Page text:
Had thrown the first blow
Just before the
Argument had gotten out of control
Just before the
First seed of infidelity was sowed
They could have both felt that librarian speaking to their soul
Saying, “shhh…
Be quiet. Square your shoulders and
Go about the business of being a responsible woman and man,
A loving wife and husband it’s bigger than you, you understand?
You have kids to raise up so put down your raised hand and just… shhh.”

And I can’t help but think of Iraq and Iran,
Afghanistan, Syria, North Korea, Pakistan.
The Bible, the Koran
Bush, Saddam
The passing of Prime Minister Sharon.
Bin Laden, the sands,
The towers, the bombs
And I want to stand a librarian on The White House lawn;
And I want to stand a librarian on the U.N. floor;
Stand a librarian on shores where the troops deploy;
Stand a librarian firmly on foreign and domestic soil;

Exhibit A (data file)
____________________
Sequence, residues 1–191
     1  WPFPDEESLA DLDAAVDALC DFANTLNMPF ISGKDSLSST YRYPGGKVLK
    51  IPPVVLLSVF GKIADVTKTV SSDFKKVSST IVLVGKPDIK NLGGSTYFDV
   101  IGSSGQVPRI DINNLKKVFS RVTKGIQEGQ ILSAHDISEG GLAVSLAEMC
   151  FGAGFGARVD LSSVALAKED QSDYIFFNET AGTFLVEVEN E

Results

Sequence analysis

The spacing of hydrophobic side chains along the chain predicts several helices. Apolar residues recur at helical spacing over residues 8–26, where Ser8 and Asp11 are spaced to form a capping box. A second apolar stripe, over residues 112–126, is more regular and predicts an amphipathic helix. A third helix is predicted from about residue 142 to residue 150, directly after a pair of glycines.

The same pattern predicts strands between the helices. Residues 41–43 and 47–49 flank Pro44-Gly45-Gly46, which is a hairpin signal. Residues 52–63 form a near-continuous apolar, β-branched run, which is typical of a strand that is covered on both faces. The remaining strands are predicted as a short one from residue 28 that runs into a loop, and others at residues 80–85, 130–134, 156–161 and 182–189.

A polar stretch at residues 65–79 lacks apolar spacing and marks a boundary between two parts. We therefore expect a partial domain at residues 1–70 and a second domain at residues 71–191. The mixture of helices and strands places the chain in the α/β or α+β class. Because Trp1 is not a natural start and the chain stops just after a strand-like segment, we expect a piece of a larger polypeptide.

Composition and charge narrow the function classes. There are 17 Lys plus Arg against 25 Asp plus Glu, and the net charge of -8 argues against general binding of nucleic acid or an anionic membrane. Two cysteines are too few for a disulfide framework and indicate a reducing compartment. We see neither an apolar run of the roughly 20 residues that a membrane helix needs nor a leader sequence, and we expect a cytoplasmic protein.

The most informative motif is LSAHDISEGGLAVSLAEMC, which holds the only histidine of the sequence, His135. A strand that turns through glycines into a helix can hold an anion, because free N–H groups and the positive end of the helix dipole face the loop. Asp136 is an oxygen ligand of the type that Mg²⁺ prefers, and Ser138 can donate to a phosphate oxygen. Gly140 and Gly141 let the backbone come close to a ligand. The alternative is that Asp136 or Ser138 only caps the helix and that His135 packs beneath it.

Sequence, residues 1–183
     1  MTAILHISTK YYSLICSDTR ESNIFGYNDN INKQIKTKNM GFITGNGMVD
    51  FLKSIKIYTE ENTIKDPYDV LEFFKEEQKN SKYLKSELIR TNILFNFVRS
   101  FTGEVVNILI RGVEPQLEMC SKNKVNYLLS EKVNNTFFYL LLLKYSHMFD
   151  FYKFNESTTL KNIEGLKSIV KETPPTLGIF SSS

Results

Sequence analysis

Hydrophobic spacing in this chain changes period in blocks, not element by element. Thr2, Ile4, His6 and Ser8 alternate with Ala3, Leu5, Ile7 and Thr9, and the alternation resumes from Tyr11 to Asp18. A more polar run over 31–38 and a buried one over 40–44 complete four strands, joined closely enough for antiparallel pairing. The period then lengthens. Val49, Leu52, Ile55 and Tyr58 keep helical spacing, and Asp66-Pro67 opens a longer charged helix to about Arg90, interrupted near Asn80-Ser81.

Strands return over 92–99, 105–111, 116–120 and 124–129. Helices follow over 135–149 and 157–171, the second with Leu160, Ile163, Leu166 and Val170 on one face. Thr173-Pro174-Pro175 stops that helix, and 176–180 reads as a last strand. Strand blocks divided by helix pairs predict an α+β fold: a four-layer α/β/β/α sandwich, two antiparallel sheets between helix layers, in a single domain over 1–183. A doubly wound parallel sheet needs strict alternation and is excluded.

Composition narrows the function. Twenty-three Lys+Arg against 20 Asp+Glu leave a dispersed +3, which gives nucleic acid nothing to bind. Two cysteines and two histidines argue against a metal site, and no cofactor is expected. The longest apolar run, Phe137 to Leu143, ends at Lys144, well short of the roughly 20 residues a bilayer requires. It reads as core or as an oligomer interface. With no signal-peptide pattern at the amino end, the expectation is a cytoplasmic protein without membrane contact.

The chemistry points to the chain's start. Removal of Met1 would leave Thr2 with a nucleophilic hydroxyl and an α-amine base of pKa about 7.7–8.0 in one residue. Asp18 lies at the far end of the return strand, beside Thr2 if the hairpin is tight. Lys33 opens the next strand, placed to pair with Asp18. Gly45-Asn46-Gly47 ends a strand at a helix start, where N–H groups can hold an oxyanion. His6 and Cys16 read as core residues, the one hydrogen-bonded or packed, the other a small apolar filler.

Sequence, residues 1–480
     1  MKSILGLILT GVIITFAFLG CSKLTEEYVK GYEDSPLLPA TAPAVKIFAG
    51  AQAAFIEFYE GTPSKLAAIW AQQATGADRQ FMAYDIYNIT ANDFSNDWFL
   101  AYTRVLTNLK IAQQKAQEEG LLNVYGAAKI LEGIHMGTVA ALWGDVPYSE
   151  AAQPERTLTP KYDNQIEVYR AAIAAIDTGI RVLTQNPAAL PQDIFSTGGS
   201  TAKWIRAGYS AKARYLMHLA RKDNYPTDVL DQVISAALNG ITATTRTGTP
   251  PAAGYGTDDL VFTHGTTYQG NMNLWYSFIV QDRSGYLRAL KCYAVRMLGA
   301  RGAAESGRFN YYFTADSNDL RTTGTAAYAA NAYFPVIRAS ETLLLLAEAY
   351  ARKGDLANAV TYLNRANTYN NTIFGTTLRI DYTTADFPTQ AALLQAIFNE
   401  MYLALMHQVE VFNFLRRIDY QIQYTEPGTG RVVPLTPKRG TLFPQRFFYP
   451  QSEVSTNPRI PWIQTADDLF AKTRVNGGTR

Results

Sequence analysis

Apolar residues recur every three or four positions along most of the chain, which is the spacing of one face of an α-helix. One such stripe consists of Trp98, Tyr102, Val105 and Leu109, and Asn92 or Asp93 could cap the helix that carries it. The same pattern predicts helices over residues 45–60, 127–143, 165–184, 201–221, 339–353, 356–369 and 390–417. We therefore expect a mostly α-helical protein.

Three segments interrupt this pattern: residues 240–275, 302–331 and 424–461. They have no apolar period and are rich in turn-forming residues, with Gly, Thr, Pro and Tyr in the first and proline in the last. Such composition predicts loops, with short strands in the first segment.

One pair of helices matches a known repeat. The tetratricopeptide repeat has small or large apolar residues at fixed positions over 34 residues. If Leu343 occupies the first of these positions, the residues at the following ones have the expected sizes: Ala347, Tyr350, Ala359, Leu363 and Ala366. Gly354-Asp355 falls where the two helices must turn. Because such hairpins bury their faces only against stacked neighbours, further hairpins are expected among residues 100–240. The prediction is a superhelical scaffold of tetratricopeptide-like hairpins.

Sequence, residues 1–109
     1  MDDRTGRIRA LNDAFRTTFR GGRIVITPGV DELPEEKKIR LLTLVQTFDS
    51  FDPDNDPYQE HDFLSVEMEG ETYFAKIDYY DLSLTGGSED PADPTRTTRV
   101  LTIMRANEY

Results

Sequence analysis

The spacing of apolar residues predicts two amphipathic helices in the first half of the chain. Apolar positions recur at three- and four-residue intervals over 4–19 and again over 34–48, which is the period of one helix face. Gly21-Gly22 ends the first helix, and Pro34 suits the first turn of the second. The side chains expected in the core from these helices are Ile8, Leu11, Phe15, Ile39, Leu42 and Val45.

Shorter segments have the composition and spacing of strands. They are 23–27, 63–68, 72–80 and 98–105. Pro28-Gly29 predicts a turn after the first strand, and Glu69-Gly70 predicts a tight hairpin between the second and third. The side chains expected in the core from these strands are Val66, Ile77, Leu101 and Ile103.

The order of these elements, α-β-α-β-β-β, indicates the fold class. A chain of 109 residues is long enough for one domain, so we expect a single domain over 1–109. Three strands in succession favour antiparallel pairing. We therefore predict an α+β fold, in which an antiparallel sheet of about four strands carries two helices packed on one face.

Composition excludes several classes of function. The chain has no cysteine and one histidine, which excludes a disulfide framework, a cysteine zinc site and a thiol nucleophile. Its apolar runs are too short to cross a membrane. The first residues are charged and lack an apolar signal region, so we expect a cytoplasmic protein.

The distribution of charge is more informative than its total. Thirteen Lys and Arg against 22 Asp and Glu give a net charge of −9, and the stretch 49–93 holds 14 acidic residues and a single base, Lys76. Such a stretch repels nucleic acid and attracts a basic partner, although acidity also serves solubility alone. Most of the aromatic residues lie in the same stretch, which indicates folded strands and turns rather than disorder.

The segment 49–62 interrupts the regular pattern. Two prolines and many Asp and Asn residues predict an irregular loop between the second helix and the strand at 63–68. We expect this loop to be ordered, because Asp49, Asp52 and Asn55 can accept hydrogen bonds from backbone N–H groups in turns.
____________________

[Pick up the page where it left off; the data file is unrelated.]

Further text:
So when those good ol’ boys
Get to arguing about the price of crude oil per barrel
About what’s due Caesar and what’s due Pharaoh
In a world so wide when views get so narrow
And they start reaching for their arrows
Bows and guns
Reaching for your support
Your funds and sons
I want the voice of a librarian to come through clear
To tell this politicians to stand up straight
Be of good faith and good cheer
Play nice and get along
Because we’re going to all have to live here.
And she could say all of this
Not by raising her voice
Not by raising her fist
But raising her left index finger to her slightly parted lips
And saying
…shhh.

Comments

Your email address will not be published.